Meningococcal Meningitis Vaccination
Who Should Get Vaccinated?
Teens and young adults are at the highest risk for meningococcal meningitis.1
- The Centers for Disease Control and Prevention (CDC) recommends 2 doses of
meningococcal conjugate for adolescents 11 through 18 years of age.2
- First dose at 11 or 12 years of age, with a booster dose at age 16
- If the first dose is given between 13 and 15 years of age, the booster should be given between 16 and 18
Getting your child vaccinated is the best way to help protect preteens from meningococcal meningitis.2 Meningitis vaccines are available for people who wish to reduce their risk of contracting the disease.2
Get Vaccinated Right Away
Now that you know how dangerous meningococcal disease is, take action right away. Ask your child’s school nurse about meningitis prevention or call your health care provider to schedule a vaccination appointment.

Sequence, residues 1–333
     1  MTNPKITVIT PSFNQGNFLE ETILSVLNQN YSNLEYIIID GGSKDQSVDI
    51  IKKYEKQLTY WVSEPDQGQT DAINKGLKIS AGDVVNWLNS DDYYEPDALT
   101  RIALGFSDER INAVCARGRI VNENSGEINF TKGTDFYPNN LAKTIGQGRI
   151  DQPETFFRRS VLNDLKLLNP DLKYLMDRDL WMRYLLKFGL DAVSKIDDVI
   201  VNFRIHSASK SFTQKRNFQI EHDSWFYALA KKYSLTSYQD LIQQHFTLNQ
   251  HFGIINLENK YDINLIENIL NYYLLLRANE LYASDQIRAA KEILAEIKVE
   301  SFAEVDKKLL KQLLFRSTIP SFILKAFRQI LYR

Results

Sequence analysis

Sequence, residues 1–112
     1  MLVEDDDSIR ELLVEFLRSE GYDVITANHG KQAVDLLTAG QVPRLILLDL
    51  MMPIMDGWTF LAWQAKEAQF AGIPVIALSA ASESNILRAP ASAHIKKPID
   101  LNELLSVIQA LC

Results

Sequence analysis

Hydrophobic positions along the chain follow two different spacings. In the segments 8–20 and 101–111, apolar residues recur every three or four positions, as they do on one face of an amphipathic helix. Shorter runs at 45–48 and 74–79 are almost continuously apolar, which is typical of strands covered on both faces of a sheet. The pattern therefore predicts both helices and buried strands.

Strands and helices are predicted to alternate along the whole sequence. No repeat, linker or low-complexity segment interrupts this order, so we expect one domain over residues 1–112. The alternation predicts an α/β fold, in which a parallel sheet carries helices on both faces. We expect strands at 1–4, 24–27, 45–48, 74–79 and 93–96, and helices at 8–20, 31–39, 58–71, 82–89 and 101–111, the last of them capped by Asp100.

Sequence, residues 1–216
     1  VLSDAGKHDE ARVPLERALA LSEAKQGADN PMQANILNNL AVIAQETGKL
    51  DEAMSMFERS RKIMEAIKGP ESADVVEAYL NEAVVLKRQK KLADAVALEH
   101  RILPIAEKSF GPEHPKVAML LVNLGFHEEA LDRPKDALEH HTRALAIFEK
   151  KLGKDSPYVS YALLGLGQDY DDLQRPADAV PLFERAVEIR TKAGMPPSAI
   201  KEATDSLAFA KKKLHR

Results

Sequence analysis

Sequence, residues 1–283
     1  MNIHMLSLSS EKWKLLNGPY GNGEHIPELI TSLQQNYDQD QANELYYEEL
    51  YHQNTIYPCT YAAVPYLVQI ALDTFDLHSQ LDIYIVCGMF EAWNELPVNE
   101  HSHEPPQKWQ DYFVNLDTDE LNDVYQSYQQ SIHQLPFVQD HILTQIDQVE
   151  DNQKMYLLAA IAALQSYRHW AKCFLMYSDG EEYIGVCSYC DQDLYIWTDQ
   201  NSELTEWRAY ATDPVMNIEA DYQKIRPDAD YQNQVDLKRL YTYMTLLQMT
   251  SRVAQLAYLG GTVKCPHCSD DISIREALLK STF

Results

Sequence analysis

Next: Help Protect Your Family
- Atkinson W, Wolfe S, Hamborsky J, McIntyre L, eds. Centers for Disease Control and Prevention. Epidemiology and Prevention of Vaccine-Preventable Diseases (The Pink Book). 12th ed. Washington DC: Public Health Foundation; 2011.
- CDC. Advisory Committee on Immunization Practices (ACIP) recommended immunization schedules for persons aged 0 through 18 years and adults aged 19 years and older—United States, 2013. MMWR. 2013;62(suppl):1-19.